Sen. Roy Blunt (R-MO), chairman of the Senate appropriations subcommittee with jurisdiction over the National Institutes of Health:
The previous two funding increases for the National Institutes of Health have fundamentally changed the prospects of scientists looking to treat and cure the most costly and deadly diseases impacting millions of Americans. This year’s increase will further that progress and advance our goal of maintaining a pattern of sustained increases for medical research. … Increasing funding for medical research has been a bipartisan priority for our subcommittee, and will continue to be one of my top priorities as chairman.
Rep. Eddie Bernice Johnson (D-TX), ranking member of the House Science Committee:
I am thrilled with the spending boosts for many of our federal R&D agencies, even though I would still like to see more for some of our agencies such as NSF. In light of ongoing attacks from both Congress and the Administration, I’m even pleased to see flat funding for EPA, which will help the agency continue to fulfill its mission of protecting the environment and public health. Overall, this is a very good bill for our R&D enterprise. ... The role that our science agencies play in driving the economy, keeping our nation competitive, and protecting the environment and public health is far too important for political games.
Rep. Bill Foster (D-IL), a physicist and member of the House Science Committee:
[The bill] includes funding for critical areas, including infrastructure, election protection, scientific research, and treatment for opioid addiction. … The National Science Foundation would receive a nearly $300 million increase. The Department of Energy Office of Science would also receive an increase of $868 million increase, a 15% increase. These increases would go a long way to make sure our country remains a leader in scientific research and innovation.
While reading the draft bill on March 22, Sen. Rand Paul (R-KY) said through a series of tweets:
1. On page 207. 2000+ pages to go! Reading about the ever wasteful $6 billion National Science Foundation. 2. Remember the $350,000 NSF spent asking if japanese quail are more sexually promiscuous on cocaine? 3. Reading this monstrous bill full of grant programs begun decades ago reminds me of Reagan’s critique: the nearest thing to immortality is a government program.
Page 447: a little over $30 billion for Dept of Energy. Wonder if anyone would notice if we had no Dept of Energy. Put oversight of nuclear waste in DOD and let supply & demand be our Energy policy.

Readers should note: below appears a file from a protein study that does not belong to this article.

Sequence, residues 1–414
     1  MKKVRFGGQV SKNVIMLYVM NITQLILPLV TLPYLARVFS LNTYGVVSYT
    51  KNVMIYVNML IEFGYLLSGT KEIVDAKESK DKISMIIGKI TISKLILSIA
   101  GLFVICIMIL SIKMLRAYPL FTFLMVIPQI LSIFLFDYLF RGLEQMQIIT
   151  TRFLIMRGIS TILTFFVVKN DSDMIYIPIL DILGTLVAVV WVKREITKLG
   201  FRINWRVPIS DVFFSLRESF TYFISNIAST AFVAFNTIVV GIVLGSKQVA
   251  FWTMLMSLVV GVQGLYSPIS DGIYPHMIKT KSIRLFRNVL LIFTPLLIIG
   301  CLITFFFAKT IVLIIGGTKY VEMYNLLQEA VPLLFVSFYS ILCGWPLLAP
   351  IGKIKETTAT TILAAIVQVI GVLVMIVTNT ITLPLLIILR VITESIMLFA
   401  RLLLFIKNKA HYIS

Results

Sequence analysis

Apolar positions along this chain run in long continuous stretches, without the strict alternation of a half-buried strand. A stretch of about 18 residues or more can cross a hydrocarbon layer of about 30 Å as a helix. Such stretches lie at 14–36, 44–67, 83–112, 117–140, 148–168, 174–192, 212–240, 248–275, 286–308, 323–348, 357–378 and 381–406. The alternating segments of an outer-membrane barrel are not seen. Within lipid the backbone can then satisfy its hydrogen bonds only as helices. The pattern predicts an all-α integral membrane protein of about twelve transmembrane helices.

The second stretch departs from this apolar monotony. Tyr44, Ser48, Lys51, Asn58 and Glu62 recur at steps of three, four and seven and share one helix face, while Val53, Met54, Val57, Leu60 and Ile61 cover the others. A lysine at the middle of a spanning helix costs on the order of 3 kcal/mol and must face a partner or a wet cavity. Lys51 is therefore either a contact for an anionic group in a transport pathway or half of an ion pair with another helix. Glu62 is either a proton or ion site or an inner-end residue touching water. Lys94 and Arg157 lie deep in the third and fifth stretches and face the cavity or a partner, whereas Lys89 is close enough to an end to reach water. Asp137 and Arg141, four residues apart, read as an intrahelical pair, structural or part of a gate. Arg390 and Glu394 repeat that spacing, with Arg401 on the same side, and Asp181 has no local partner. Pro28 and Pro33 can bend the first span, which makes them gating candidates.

Reactions from research community leaders
The American Physical Society, an AIP Member Society:
The American Physical Society is extremely grateful for the work of the many members and staff in Congress, and staff at the executive branch agencies, who developed a 2018 federal budget that provides significant support for science. While the process to develop the budget this year was unusually convoluted, in the end, it was gratifying to see significant congressional support for funding that will enable greater scientific understanding, technological innovation, STEM education, U.S. competitiveness and security, and ultimately, improvements in the human condition.
Megan Donahue, president-elect of the American Astronomical Society, an AIP Member Society:
The AAS community should be very happy with the FY18 omnibus numbers across our sub-disciplines … In particular, significant increases for NASA Planetary Science and the DOE Office of Science will enable major advances in robotic exploration of the Solar System and discovery research in fundamental astrophysics. The appropriations for NSF relieve some of the intense pressure [created] by increasing operations costs and decreasing grant success rates, which have suffered under years of flat NSF funding. We are also particularly grateful to Congressional appropriators for the report language reinforcing the importance of the decadal surveys, which have set priorities for the astronomical sciences for half a century. We hope that respect for community-derived priorities will remain as Congress shifts to considering the FY19 spending bills.